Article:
PURCHASE, N.Y.--Centerprise has introduced CenterSphere, an enterprise management software suite that includes a market data management module. The vendor is currently looking for firms to participate in beta tests.
The module, called the Centerprise Market Data Service, allows firms to integrate new data feeds and data types, gain access to disparate data sources, centralize management of data sources and manage and control data. It handles third-party and internal market data.
For example, firms can create a single code for a product, such as the five-year Treasury, thus reconciling CUSIP, RIC and trading desk codes, says Reto Tuffli, CEO and senior principal.
"You can create a universal identifier internally," he says.
Firms can also create an enterprise-wide software system inventory and see the data sources provided by each system; assign data transformation processes to each data source; monitor data feeds by system, organization unit or transformation and workflow processes; run exception reporting for missing or incomplete feeds; and run audit reporting of data transformation and message routing.
Other functionality includes data caching, publish/subscribe support and the ability to link in value-added market data functions such as time series retrievals and transformations. A Journal Maintenance feature retains the data universe used for a specific business function to allow for reproducibility and historical auditing of results.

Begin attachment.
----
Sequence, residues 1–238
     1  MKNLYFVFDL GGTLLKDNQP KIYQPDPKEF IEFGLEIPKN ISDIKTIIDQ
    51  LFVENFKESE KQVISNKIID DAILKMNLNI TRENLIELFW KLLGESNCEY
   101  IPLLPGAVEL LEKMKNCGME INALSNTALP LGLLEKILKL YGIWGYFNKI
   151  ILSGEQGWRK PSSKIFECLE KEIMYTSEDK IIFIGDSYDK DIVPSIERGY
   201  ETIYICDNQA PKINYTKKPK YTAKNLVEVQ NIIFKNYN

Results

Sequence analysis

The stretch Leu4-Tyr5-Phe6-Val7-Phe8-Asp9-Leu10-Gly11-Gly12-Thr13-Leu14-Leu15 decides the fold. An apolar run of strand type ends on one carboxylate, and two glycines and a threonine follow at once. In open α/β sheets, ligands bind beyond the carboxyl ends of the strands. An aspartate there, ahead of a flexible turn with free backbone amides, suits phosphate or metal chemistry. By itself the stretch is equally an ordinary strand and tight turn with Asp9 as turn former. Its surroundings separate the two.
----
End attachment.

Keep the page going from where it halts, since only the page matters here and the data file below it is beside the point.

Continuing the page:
Raw data can be stored in a third-party or internally developed database or normalized to a Centerprise common data store. Adapters use message broker and transformation tools such as IBM’s MQSeries Integrator to simplify transformation and integration and provide a structure for accessing the data. Access to different market data sources is simplified by a common messaging tier with standardized request/response formats and common API and document schemas, such as XML.
MDS uses Java-based application services and the MQSeries suite for guaranteed messaging and message brokering and transformation capabilities. Centerprise is an IBM partner and has incorporated IBM San Francisco and IBM WebSphere Application Server as well as IBM MQSeries into the product.
Centerprise has also partnered with Fame, incorporating Fame’s time-series database technology into the architecture. In addition, Fame’s data is used to calibrate Monte Carlo simulations and drive historical simulations and for reference data management purposes. LJS’ Fixed Investment Database supports CenterSphere’s portfolio and analytics modules. CenterSphere also includes analytics libraries from a number of providers.
Centerprise is currently looking for two to four firms to participate in beta tests, Tuffli says. The product has spent two and a half years in development.
Tuffli says the software can help firms lower costs and improve controls. "You reduce the number of staff needed to manage and reconcile different sources of data and reports, reduce the number of services and reduce the number of heterogeneous applications. There’s also some gain from more efficient processes and workflows," he says.
Centerprise is available on an ASP or software license basis. Pricing depends on the size and complexity of the organization and the number of users, among other factors.